Magnus Carlsen, full steam ahead
Tue Sep 17 2013, 09:59 hrs
In an interview a few months ago, Magnus Carlsen was asked how he fancied his chances in the World Championship match against Viswanathan Anand. The Norwegian had said that if everything went to plan, he was ‘100 per cent’ sure of winning. After winning the Sinquefield Cup in the USA, his last tournament before the big match, Carlsen would feel that he is approaching November’s title bout close to peak form.
With the win on Sunday, Carlsen’s live rating went up to 2870, just two points off his, and the sport’s, all-time high mark of 2872. The 22-year old has won a staggering number of tournaments recently (12 of the last 18), remaining fairly untroubled (losing just 6 of 112 games since January 2012). Unlike Anand, who finished his playing engagements in June before isolating himself in preparation, Carlsen had opted to play on till now. While the decision may have been driven by sound sporting logic, it is difficult to believe there were no commercial considerations behind Carlsen playing in the USA.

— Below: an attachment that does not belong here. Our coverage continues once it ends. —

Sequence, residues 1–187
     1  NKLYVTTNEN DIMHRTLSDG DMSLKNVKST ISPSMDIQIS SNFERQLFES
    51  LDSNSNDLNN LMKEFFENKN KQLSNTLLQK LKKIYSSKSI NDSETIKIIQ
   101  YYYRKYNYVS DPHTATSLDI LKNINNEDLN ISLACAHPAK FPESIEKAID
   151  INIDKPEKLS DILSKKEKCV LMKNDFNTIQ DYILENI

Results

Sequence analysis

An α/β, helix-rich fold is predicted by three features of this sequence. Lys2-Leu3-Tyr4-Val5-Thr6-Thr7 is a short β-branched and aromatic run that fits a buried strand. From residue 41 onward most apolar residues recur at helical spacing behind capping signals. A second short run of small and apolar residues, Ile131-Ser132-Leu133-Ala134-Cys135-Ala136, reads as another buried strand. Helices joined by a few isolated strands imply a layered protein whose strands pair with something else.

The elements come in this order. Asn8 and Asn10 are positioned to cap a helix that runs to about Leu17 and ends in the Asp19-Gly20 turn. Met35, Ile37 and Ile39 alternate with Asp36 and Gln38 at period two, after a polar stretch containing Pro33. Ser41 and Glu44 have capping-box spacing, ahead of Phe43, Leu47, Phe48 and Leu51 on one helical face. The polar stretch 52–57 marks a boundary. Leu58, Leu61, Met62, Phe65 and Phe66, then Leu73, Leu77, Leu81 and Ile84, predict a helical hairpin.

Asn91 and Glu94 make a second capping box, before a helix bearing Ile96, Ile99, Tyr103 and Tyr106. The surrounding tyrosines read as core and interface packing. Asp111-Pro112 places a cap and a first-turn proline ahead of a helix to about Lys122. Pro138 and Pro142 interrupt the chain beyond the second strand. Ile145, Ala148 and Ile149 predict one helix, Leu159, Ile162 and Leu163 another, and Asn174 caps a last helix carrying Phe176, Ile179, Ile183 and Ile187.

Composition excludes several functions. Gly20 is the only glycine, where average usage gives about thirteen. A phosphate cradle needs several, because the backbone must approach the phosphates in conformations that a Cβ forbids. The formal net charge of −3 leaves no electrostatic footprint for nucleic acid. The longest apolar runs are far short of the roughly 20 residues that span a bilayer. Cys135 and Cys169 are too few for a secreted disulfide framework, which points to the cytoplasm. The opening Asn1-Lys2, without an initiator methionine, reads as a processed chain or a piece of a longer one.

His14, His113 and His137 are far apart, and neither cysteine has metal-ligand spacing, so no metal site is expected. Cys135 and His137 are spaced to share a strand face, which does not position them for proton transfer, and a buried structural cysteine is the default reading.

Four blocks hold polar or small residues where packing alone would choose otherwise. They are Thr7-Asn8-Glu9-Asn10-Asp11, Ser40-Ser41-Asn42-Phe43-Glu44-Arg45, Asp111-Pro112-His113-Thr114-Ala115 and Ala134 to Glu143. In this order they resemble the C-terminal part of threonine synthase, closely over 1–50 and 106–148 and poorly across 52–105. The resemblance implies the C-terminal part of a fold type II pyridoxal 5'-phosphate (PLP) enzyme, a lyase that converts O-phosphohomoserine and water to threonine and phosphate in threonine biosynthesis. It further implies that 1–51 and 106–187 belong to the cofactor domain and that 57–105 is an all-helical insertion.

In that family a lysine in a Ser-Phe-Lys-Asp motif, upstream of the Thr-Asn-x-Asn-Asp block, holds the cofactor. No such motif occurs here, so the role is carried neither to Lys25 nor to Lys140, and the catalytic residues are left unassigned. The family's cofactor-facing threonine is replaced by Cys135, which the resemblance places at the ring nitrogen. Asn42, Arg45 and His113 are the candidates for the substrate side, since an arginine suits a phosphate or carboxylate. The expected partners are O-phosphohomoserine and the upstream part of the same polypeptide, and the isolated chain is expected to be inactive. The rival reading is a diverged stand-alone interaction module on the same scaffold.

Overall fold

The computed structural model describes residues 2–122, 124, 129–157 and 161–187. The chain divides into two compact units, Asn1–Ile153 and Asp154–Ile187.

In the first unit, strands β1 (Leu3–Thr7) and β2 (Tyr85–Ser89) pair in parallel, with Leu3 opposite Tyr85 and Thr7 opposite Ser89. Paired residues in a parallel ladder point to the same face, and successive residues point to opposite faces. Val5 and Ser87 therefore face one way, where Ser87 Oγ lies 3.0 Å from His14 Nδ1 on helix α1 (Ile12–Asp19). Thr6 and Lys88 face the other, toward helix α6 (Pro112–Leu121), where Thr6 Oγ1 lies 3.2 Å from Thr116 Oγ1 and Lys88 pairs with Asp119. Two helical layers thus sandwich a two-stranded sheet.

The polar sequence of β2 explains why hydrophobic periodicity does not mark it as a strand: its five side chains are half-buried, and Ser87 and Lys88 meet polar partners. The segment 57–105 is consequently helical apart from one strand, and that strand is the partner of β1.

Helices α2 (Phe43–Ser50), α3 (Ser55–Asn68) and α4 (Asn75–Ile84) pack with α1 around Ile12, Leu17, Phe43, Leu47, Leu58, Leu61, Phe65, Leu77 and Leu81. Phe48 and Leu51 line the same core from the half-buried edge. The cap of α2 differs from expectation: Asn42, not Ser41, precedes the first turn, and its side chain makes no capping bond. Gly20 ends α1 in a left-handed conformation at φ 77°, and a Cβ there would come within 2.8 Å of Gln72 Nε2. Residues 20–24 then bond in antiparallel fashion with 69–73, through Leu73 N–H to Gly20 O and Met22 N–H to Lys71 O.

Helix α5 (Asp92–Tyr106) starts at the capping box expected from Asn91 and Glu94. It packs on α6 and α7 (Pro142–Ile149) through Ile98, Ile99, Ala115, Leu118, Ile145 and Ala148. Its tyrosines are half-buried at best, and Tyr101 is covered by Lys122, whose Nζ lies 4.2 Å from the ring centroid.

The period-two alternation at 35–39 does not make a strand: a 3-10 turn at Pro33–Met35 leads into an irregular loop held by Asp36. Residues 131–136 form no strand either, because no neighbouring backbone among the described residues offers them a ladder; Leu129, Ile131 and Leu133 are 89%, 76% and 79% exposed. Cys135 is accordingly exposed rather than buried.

The Sinquefield Cup’s list of participants included World No. 2 Levon Aronian, a classical player widely thought of as one of Carlsen’s main challengers from the current lot, and the home pair of Hikaru Nakamura and Gata Kamsky, players known for their unorthodox, innovative and fighting chess. If, during the tournament, Carlsen had expected to test himself against both the conventional and the idiosyncratic, he wasn’t disappointed — the unusual Dutch opening proved to be as popular as the Sicilian. Carlsen is considered the West’s best bet at the World Championships since Bobby Fischer and the commercial implications of his growing profile in the untapped market (in terms of sponsorships) that the USA represents, would not have been lost on the shrewd brains that manage the contender’s interests.
But as has been the case so far with Carlsen, his performances over the board have been beyond reproach even as the marketing drive that has made him more than just a chess icon has gathered pace. Despite knowing that a draw in his last round against Aronian would hand him the Sinquefield Cup, Carlsen turned down the
Azeri’s (Armenian’s) offer to split points halfway through the game and went on to grind out a win that came after five hours of play.
(Raakesh is a principal correspondent based in Delhi)